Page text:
Types of cheques
The cheques are of two types. (i) Open cheques and (ii) crossed cheques.
(i) Open Cheques. Open cheques are those cheques which are paid across the counter of the bank. Open cheques may be bearer or order cheques.
(a) Bearer cheques. If a drawer orders the bank to pay a stated sum of money to the bearer it is called a bearer cheque. Any person who lawfully possesses a beaker cheque is entitled to receive payment of that cheque.
(b) Order cheque. If a cheque is to the order of a person in whose favor the cheque is drawn it is called order cheque. The order cheque is paid by the bank only when the bank is satisfied about the identity of the payee.
(ii) Crossed Cheques. If a cheque is crossed by drawing two parallel lines across the face of the cheque, with or without the words & Co or A/c payee only, it is called a crossed cheques. The crossed cheque cannot be paid on the counter of the drawee bank. It will be deposited in the account of a person in whose order or favor it is drawn.
Kinds of crossing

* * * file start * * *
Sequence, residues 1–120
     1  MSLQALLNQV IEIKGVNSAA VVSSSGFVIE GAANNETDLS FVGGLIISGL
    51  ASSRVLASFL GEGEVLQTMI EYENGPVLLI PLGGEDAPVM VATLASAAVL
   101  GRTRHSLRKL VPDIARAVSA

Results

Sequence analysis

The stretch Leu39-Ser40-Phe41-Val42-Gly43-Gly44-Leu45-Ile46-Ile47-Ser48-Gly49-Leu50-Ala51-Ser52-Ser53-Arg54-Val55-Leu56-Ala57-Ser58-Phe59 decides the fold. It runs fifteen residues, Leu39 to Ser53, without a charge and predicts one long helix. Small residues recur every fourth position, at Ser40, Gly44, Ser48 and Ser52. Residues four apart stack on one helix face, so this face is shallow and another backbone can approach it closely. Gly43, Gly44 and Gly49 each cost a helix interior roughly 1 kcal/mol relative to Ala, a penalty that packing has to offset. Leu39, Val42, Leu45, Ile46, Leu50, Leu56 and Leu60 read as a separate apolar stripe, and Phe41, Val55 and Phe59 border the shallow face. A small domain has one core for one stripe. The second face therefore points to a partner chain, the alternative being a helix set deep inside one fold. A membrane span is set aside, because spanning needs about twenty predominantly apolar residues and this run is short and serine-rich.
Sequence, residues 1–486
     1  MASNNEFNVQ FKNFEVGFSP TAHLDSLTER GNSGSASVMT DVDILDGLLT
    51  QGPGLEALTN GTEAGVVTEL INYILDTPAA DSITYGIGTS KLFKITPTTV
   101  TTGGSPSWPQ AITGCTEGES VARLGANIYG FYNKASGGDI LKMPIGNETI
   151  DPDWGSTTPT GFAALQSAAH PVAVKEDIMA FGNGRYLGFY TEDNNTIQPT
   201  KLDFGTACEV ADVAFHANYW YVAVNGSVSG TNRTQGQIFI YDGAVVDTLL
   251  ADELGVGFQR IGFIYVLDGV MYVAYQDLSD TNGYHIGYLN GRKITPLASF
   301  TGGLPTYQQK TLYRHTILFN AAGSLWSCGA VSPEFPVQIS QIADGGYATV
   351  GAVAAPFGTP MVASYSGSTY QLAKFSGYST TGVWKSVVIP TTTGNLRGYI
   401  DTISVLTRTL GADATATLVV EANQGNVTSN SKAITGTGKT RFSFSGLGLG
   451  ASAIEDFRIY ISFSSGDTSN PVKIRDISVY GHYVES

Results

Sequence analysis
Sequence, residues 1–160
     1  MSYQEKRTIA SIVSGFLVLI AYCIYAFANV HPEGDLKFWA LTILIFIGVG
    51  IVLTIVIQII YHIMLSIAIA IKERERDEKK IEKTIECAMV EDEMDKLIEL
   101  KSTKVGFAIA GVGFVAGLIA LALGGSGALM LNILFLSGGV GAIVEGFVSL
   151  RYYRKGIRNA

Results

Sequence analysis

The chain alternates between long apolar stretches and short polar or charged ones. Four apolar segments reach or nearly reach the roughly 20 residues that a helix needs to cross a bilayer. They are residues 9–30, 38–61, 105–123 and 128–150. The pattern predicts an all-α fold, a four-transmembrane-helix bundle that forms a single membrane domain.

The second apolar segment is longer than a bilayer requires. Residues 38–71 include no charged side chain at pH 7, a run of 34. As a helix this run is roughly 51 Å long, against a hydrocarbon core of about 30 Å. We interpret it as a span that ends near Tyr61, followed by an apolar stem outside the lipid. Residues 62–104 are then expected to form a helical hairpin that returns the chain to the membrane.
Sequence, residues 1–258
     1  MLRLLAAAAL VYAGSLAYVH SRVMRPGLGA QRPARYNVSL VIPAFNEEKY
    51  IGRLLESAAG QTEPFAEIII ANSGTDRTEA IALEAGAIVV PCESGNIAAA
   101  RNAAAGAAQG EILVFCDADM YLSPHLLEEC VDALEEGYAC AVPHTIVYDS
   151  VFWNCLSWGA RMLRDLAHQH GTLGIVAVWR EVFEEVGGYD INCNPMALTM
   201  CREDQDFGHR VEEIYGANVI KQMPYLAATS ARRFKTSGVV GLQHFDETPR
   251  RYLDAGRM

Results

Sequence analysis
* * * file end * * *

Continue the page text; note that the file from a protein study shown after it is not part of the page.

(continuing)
Legally there are two kinds of crossing (a) General Crossing and (b) Special Crossing.
(a) General Crossing. The drawing up of two simple parallel transverse lines on the face of the cheque at the top left hand corner with or without the words & Co. Not negotiable or Account Payee only is known as general crossing. The effect of general crossing is that the crossed cheque cannot be paid at the counter of the bank. Its payment can only be deposited into the payee’s account only.
(b) Special Crossing. A cheque is deemed to be crossed especially when it bears across its face the name of the banker either with or without the words ‘Not Negotiable’. In case of special crossing the payment can only be made to the bank named therein the cheque.
Objectives of crossing. The cheque is crossed to achieve the following objectives;
(i) It prevents the payment of the cheque to a wrongful holder.
(ii) It ensures safe payment to the concerned receiver.
(iii) It facilitates in tracing the recipient of the payment if the cheque is wrongfully crossed.
(iv) Further it is a guard against any cheating or theft.
Importance of cheques
(i) A cheque is a convenient and safe method of making payments.
(ii) Cheques facilitate transfer of funds from one place to another and from one country to another country.
(iii) The use of cheques provides safety to money deposited into bank.
(iv) Payment by cheque can serve the purpose of receipt also.
(v) There is saving in the use of currency notes by the use of cheques.
(v) Cheques facilitate credit which in turn helps in the growth of business in the country.
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